From the City of Sugar Land:

Sugar Land City Council hired Ralph Andersen & Associates to conduct a national search for Sugar Land’s next city manager.

Allen Bogard plans to retire on Jan. 31, 2020.  He joined the city in January 1995 as a deputy city manager and was promoted to city manager in 2001 after Sugar Land’s first city manager, David Neeley, announced his resignation. During Bogard’s 40-year career in the public sector, he also served as city manager in the cities of Keller and Winnsboro, as well as executive leadership positions in the cities of Plano and Dallas.

Ralph Andersen & Associates has provided executive search and consulting services to cities, counties, special districts, state agencies and other organizations since 1972.  The company was one of the first in the nation to work exclusively in the public sector and has become a leader in local government issues.

“The city of Sugar Land is conducting a nationwide search for a well-qualified and experienced city manager to lead in a top-performing city characterized by stability, bold thinking, strategic planning and fiscal strength,” explained Ralph Andersen & Associates in its announcement to prospective candidates, which can be found at

Ideal candidates will be evaluated on their ability to ensure the continuation of the Sugar Land Way, a mindset that has been around since the city’s founding. In its broadest sense, it is a commitment to doing things differently, a cut above – a commitment to bold and thoughtful thinking designed to make life sweeter and more refined for the people and businesses that call Sugar Land home. Priority components of the “Sugar Land Way” include:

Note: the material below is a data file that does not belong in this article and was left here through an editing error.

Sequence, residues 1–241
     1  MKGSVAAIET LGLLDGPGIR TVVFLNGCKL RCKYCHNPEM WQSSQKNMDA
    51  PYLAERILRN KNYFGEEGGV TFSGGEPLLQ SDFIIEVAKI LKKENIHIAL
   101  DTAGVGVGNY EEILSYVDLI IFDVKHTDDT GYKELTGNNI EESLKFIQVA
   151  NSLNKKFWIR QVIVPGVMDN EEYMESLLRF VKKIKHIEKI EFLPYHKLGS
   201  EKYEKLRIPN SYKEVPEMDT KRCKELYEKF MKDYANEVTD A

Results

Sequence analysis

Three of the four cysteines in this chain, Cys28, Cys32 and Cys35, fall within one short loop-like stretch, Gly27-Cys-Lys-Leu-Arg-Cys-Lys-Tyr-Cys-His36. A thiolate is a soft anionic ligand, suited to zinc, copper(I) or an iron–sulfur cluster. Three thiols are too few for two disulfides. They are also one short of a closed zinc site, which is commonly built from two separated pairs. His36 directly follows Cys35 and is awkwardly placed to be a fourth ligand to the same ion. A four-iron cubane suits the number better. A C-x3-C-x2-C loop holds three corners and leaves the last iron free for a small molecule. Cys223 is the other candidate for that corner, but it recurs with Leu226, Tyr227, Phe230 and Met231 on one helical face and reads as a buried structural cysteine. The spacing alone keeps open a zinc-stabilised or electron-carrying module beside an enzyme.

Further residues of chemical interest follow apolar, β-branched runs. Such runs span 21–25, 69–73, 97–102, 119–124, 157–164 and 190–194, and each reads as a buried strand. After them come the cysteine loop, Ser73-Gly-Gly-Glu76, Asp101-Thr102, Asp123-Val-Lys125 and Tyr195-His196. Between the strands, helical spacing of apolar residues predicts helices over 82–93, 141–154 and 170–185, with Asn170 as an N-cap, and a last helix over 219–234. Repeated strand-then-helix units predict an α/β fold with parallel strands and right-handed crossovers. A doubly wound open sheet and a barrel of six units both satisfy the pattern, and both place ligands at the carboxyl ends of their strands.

• ensuring Sugar Land remains safer than ever before by building upon years of investments in facilities and public safety innovations;
  • investing in aging infrastructure and facilities at the high level expected by Sugar Land residents;
  • retaining and challenging a champion workforce that consistently exceeds the high expectations of the Sugar Land community;
  • constantly improving the appearance of the community; and
  • building upon Sugar Land’s position as an economic powerhouse and financial leader (as well as a focus on strengthened resilience) that allows the city to improve its quality of life and minimize the residential tax burden.

The next city manager will be selected based on abilities to ensure the city is positioned to meet future challenges and opportunities.  Some of these include addressing the city’s ageing infrastructure, ensuring the high standards of the community continue to be met, responding to the changing nature of retail shopping habits, providing opportunities for the community to continue to invest in amenities they’ve identified as important, meeting the drainage needs of residents, ensuring Sugar Land remains safer than ever before and retaining and attracting Sugar Land’s champion workforce.

The Sugar Land City Charter identifies the city manager as the chief executive officer. The manager is hired to serve City Council and the community and provides the professional expertise necessary to administer local government projects and programs. The manager prepares a budget for City Council’s consideration; recruits, hires and supervises city staff; serves as City Council’s chief adviser; enforces laws and ordinances; manages day-to-day affairs; and implements policy decisions.